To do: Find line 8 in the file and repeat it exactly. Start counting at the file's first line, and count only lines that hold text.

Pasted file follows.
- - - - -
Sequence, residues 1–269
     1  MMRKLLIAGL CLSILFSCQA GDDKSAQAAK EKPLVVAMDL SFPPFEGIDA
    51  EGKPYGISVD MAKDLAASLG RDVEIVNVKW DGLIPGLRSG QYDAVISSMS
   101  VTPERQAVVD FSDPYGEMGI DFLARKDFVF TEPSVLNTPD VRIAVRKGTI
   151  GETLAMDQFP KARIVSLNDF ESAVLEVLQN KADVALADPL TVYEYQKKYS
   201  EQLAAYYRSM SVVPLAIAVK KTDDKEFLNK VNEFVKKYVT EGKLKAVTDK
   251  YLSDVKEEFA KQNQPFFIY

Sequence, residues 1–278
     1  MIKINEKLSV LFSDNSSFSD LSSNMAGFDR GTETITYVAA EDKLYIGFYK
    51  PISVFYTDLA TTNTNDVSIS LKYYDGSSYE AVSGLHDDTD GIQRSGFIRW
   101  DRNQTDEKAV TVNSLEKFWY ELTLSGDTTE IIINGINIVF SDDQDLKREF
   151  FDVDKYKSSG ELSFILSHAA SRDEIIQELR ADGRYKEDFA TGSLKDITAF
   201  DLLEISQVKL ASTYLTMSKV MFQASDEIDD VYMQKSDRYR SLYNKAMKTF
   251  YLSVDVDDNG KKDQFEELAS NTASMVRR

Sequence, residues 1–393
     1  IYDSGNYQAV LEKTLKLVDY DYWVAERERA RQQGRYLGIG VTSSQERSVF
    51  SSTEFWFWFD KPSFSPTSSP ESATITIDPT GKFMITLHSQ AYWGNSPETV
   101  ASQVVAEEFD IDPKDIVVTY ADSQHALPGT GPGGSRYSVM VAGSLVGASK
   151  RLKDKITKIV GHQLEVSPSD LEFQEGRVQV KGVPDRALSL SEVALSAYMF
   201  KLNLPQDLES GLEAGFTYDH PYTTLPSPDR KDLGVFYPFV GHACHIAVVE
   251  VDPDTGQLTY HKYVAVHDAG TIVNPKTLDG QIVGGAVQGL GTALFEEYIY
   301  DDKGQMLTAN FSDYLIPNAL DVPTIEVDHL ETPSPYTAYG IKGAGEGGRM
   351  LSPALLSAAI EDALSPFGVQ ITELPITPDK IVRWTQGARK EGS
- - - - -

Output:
Sequence, residues 1–278